Today we’re publishing our second Are.na Annual, which you can find here. As an intro to the book and the writings within, we’re running the editor’s letter below.
Before I left New York, one thing I already missed were the subway machines. Or not the machines exactly, but the way that, after the card ejects, no one waits around for the screen asking if you want a receipt. The next person in line presses “no” for you. In the sentimental state of proto-nostalgia that often accompanies moving, it felt like an act of tenderness. Here we all were, rejecting one anothers’ receipts, taking up a task neglected, assured that someone else would do the same for us, keeping the city commute apace. When I arrived in Berlin, I found something similar in the grocery store lines, where conveyor belt dividers are passed back like batons in a relay. These coordinated acts of kindness amass a kind of muscle memory on a municipal scale: the choreography of a city, a tending to place.
In March this year, the choreography was stopped. Streets, subways, and grocery stores all emptied out as we sheltered in place, and the thrum of the city petered out into an eerie quietude. Even when we emerged from our houses and things slowly started up again, it was a different dance, one marked out by tape and segregated by plexiglass. New rituals of care sprung up in place of the familiar ones, now predicated on space and distance and for some of us, slow, stretched out swaths of time. By July I had retreated into a massive spreadsheet entitled “Are.na Annual Too Planning Doc,” initialed, arranged, and color-coded into a language of its own. The month prior, we’d put out an open call for submissions to our second Are.na Annual, asking for a channel link and brief description of a potential piece of writing about it. The theme for this year’s Annual is “tend,” as in to care for or manage, to give your attention to, or to move in a particular direction, an inclination or “tendency.” The theme felt right for a time we all could have used some tending to, and were still working out our new ways of tending to others.
The above is my definition of tend, but Juliana Castro extends it even deeper in her essay that opens the book, on how language adds meanings across context. “The Latin tendere—to stretch, to tense—provides the root for the ways we say that we care, that we try, and that we are soft and easily injured,” she writes, adding that it’s also the origin word for “tenderness,” “intent,” and “attention.” Austin Wade Smith reminds us that adding the “at” in the latter gives the word the meaning of stretching toward something, and then takes us on a walk around their neighborhood to show how one might attend to the “arcs, seasons, gusts, accumulations, and flows that constitute an environment.” Meanwhile, Lucy Siyao Liu tended to an environment of her own making while in quarantine: two aquariums, one large and one small, that now sit near her desk. In her piece for the Annual, she explores a lineage of fish-tending on her paternal side, then stretches even further to examine a human desire to recreate controllable environments to fit within our own scales and bounds.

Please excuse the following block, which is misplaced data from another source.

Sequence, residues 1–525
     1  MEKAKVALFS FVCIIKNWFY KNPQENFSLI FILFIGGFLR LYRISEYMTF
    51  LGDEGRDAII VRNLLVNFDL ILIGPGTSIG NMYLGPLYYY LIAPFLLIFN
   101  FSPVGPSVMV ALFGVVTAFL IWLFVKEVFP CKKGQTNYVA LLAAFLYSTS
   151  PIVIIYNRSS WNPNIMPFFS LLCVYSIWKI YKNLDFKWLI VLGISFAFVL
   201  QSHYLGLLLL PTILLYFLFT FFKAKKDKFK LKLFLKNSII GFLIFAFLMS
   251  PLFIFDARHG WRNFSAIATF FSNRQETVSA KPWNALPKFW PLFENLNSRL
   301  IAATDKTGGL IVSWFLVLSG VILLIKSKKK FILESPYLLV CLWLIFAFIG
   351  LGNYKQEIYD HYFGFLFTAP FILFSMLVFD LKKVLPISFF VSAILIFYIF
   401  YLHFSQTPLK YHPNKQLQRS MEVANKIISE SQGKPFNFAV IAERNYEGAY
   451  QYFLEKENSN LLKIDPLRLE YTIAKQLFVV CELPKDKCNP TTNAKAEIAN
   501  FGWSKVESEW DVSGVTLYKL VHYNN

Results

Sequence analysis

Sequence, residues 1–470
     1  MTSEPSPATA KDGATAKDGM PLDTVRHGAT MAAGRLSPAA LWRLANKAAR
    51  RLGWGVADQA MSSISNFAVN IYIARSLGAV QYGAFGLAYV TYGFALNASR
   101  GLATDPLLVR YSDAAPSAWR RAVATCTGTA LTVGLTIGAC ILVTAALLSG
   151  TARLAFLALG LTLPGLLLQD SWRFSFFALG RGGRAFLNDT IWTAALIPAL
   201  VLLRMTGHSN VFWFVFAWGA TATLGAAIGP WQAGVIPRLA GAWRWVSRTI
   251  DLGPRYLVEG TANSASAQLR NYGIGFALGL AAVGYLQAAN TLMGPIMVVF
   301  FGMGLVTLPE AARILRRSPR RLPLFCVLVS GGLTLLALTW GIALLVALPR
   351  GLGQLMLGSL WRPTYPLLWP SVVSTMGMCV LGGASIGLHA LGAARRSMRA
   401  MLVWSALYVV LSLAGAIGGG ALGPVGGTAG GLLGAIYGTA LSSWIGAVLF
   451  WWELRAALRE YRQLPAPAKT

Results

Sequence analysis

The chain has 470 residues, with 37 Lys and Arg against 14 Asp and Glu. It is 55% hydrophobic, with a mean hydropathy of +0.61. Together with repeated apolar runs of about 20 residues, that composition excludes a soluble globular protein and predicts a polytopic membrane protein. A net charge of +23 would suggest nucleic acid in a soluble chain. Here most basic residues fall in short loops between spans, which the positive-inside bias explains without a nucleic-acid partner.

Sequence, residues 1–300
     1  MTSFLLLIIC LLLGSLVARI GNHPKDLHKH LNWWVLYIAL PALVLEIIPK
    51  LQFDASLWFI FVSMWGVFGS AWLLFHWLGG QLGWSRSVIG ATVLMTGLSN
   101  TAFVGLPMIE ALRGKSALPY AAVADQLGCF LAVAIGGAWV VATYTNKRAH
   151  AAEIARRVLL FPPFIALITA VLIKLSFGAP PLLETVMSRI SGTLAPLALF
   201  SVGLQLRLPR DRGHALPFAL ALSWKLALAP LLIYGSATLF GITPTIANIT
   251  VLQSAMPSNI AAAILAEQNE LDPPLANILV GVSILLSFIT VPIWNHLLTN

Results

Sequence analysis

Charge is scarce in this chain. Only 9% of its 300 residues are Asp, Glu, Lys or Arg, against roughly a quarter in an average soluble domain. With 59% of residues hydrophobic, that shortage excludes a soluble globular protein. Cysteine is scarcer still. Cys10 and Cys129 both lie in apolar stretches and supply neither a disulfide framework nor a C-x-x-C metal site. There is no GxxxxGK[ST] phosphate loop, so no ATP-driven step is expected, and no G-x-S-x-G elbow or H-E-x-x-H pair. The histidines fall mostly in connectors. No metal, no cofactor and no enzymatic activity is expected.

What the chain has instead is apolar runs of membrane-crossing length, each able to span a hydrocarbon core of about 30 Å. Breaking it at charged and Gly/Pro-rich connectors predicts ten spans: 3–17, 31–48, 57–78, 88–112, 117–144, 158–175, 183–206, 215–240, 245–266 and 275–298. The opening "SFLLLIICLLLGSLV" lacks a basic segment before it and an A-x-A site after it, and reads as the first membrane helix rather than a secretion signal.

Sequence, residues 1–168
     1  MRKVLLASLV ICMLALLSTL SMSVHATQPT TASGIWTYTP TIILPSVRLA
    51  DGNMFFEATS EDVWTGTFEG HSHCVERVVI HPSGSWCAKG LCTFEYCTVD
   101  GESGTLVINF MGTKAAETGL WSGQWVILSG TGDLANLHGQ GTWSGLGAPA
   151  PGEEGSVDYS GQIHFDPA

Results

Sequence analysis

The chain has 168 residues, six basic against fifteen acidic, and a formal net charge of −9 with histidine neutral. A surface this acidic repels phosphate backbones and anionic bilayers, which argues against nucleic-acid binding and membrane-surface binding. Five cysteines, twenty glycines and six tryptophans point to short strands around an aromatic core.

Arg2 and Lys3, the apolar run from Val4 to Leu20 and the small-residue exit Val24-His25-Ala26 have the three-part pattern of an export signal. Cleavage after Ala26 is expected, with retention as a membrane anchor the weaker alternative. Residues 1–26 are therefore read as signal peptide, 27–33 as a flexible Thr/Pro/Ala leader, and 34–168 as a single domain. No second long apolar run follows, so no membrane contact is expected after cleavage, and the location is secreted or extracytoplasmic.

For my part, I sank within my spreadsheet as the cells divided and multiplied, first drafts and second drafts were logged and linked and then moved across the columns. Sometimes an attention to care does tend toward control, order, precision, especially when editing, but with this project I’d learn that an ecosystem has its own animacy. The pieces of writing that came in took unexpected directions, surprising form, and found inventive and engaging ways to interpret “tend.” In her essay “Measuring the Internet,” Lai Yi Ohlsen equated tending to measuring, which she thinks of not just as a quantitative tallying up, but also as a “gesture toward understanding.” Taking root in her channel “Who Cares?” Emma Rae Bruml Norton’s submission evolved into a love letter to her computer, as grounded in philosophical references as it is poetic; she wonders what a computer might be if it cared back, rather than merely being “in service of.” R.C. Clarke’s contribution took seed in a theory he calls “Southern Electronics,” then spiraled out into a rich history of and rumination on the tended spaces that allow for “both the imagination and the material necessary for the creation of Black art and music.”
As the pieces came in, they started to speak to each other and connect in unanticipated ways, and there were connections between the writers, too—all of them spread out across the U.S. and the world. Omar Mohammad, who conducted a string of interviews with those gathering research on the “self, culture, and community,” had proposed Rona Akbari and Weeda Azim as interviewees, but they were already working on a piece for the Annual on film representation of the Afghan diaspora (he ended up with fantastic interviews with Shiraz Gallab, Florence Fu, and Darin Buzon). Zainab Aliyu & American Artist wrote about their collaborative “people’s dictionary” created from their remote Dark Matter course at School for Poetic Computation, the same school from which Neta Bomani, Melanie Hoff, and Elizabeth Perez’s conversation on the cybernetics of reproduction arose. In many ways, we were building on an ecosystem that already existed. I’m deeply appreciative of all the emails, video calls, discussed ideas, line edits, and care that went into these pieces—small acts, over time and distance, amassed into a collective tending that eventually resulted in this book. Cab, Daniel and I are so excited to send you this second Are.na Annual, from New York to wherever you are.
Learn about how people use Are.na to do work and pursue personal projects through case studies, interviews, and highlights.